4. Use real-world maps. A coastline is a coastline, right? A street map is a street map. In fact, using real-world maps adds a grounding in the game’s “reality” that can’t be beat, because it is real. Designer James Jacobs has said that his hometown served as the basis for Sandpoint, the town central to the Rise of the Runelords Adventure Path.

Now, if you use the outline of Europe for your realm, that’s going to be a dead giveaway. Turn your maps upside down or inside out to make them unfamiliar. Trace only a portion that you think is relevant. Use remote, out-of-the-way places that only a geography bee participant would recognize. And there’s nothing wrong with using a portion of a published campaign map, such as the Realms or Paizo’s Golarian, and putting your own stamp on it.

From Pulp Gamer, I’ve learned that a gaming group in Arizona uses the state map, and all its geography, as its realm. The only difference is that Arizona is now a fantasy landscape.  Go to just about any historical site in the U.S., and maps accompany most of the freebie brochures. I can tell you that a local landmark, Starved Rock State Park, will be a featured locale in my game very soon.

5. Blank Sheet on a Wall. Generally, this is a collaborative exercise, by which you elicit input in a roundtable fashion from your other gaming friends. But there is no reason a DM can’t brainstorm solo this way, too.  A big blank sheet of paper (or a chalk board or a whiteboard works too, so long as you take a photo of it later) is taped to the wall. Divide it into quadrants, if you think that will help organize your thoughts. Then draw a broad outline of what you’re building, such as a city for Patrigan or a whole realm for Blademaster0182.

Mark “home” or “town center” in the center of the map, and then go around the table, getting suggestions from folks on how to fill in the map. These can be actual geography or street layout, adventure locations, interesting features (natural or manmade) or even places that interesting NPCs or monsters inhabit.

Now this kind of “map” is less likely to have perfect coastlines or street details. But it will be loaded with adventure power. And all of it will have been designed by your own group, so as a DM, you will know exactly what kind of adventures and challenges they are interested in overcoming. In addition, it gives them “ownership” and the kind of player knowledge that is slow to acquire with a published setting. Once the players help build the world — or at least flesh out the broad strokes — it will be like they have lived and grown up there. As for the DM, the details — and all the dangers — are up to you.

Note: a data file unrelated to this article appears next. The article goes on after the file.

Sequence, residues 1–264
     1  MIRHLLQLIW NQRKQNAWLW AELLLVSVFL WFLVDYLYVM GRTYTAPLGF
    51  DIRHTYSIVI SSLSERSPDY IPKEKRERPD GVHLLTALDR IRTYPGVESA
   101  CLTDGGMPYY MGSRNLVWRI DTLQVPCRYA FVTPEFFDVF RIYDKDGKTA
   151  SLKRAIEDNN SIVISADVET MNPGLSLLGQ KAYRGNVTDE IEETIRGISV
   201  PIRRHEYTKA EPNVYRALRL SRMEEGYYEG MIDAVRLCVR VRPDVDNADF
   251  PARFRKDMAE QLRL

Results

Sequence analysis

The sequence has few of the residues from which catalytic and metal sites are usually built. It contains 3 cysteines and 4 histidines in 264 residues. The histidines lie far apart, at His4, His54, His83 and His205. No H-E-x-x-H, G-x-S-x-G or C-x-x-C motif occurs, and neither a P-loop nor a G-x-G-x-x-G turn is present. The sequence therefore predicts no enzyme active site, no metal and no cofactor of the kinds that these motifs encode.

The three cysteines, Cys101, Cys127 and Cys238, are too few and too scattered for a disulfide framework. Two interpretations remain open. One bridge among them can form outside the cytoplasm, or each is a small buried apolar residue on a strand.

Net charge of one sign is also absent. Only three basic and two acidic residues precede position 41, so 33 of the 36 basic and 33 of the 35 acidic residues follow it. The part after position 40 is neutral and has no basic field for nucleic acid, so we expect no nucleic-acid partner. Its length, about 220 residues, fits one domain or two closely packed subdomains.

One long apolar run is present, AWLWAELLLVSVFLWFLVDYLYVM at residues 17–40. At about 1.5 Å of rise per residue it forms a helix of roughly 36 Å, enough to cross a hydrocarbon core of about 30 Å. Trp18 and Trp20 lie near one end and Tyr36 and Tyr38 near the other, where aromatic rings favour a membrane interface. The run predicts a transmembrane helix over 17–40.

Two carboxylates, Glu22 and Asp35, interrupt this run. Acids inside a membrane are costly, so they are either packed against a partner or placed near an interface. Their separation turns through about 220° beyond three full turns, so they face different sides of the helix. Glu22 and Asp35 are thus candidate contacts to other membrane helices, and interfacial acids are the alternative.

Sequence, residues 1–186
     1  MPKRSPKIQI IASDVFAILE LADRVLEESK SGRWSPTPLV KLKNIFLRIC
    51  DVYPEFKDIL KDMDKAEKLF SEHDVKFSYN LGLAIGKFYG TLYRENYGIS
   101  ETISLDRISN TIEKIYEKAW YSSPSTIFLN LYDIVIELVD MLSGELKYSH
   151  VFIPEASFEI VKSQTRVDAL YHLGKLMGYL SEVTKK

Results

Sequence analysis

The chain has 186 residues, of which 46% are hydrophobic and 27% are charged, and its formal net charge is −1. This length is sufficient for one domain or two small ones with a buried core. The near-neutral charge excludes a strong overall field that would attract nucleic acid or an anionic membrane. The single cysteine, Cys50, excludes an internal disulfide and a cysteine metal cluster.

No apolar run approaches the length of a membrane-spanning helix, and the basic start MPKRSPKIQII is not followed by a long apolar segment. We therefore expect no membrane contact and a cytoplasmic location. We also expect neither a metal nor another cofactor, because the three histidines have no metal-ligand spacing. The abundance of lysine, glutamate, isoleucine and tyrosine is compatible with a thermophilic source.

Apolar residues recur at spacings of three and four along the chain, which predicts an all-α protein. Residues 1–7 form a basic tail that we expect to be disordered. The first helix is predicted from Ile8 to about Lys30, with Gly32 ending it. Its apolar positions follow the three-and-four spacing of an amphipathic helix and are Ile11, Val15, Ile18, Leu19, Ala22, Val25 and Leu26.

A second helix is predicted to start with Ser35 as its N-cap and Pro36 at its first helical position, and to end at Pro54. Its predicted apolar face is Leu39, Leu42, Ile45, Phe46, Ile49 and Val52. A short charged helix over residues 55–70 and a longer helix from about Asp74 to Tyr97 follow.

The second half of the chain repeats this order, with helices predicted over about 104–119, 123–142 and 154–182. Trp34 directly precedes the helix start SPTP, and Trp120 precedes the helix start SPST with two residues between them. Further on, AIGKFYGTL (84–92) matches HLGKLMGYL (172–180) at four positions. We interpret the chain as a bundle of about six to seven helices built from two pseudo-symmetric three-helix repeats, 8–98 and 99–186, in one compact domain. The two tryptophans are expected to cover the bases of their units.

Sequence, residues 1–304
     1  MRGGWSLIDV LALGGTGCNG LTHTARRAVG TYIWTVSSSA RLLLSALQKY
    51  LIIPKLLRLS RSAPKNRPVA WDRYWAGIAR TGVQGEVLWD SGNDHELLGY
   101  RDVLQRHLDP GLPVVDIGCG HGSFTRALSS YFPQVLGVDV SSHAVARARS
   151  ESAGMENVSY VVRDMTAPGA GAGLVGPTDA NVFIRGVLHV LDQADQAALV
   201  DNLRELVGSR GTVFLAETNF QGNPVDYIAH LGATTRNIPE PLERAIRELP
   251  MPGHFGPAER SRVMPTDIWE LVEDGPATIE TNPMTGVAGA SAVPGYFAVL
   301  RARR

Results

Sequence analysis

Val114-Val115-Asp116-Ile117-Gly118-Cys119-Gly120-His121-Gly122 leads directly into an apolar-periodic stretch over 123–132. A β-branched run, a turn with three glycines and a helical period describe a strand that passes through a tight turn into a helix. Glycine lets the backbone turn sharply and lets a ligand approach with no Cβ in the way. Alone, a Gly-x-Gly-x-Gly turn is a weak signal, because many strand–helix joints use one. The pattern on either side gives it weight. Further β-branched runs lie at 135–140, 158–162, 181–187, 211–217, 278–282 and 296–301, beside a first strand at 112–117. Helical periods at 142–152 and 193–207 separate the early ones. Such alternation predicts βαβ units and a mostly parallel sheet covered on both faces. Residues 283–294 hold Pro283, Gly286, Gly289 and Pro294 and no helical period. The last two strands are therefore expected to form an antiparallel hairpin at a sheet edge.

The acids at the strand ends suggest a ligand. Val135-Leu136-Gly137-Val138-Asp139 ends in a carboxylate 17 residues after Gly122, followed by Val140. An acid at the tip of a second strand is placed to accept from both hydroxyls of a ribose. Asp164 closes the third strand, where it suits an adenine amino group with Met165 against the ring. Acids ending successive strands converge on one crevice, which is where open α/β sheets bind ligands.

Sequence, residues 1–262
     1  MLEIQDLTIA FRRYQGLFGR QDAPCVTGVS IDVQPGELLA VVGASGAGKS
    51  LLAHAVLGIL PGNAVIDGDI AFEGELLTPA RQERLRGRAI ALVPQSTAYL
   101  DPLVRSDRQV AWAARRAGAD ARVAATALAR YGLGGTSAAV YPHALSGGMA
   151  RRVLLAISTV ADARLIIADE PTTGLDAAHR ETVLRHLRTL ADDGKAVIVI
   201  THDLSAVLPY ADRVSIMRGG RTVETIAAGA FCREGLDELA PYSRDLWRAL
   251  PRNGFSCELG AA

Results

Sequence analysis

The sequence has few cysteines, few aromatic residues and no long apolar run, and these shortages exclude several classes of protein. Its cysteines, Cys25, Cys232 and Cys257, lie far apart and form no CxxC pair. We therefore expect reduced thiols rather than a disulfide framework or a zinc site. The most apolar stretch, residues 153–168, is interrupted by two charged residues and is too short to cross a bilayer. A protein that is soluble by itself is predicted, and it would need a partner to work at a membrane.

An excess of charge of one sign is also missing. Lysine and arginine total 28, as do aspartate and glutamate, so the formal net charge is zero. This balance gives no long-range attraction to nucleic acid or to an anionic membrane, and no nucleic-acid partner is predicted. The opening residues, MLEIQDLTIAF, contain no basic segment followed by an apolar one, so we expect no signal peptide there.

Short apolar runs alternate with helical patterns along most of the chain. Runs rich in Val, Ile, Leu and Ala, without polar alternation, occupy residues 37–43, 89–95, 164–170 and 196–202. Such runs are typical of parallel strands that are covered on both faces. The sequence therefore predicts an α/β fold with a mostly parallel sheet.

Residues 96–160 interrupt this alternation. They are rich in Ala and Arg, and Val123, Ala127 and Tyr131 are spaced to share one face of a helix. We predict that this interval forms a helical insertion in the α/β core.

City building exercise

It’s hard to make an exhaustive list of everything a city needs. Fantasy cities, though, share a lot more in common with modern urban areas than their actual historical (especially medieval) counterparts. I played a lot of SimCity when it first game out, and that simulation is really good learning tool on the nuts’n’bolts of urban design.

Rely on common sense and need. If the players need something, sage advice, equipment or allies, and it makes sense to have it, then include it. But the top of any DM’s plan should include a ready list of a dozen  NPCs the players are likely to meet and a half-dozen potential adventure sites. At this stage, all of the descriptions need only be a line or two, and not even statted out. A city is sandbox, and once your players indicate the type of adventure they’d like, then you can begin the process of adding in details.

And if you already possess an urban sourcebook, such as Sharn: City of Towers or Waterdeep, Greyhawk, my personal favorite, Korvosa, or even by good fortune Ptolus, then those all serve as an excellent model as to what belongs in a fantasy city, and their appropriate placement therein.

I’ve come to rely on Cityscape and the Arms and Equipment Guide as two ready references. But before that, this web enhancement that went with the 3.5 version of the Dungeon Master’s Guide is a great starting point for populating a city on the fly.

Paper and Pencil

Above all, be fearless with the simplest tools, a pencil and a scrap of paper. A DM’s map is a treasure trap in the best sense. Even the simplest scrawl, so long as you the DM knows what it means and stands for, is the X that marks the spot.  With some players willing to explore the unknown — and your own intuition — you’re guaranteed to have a fun adventure.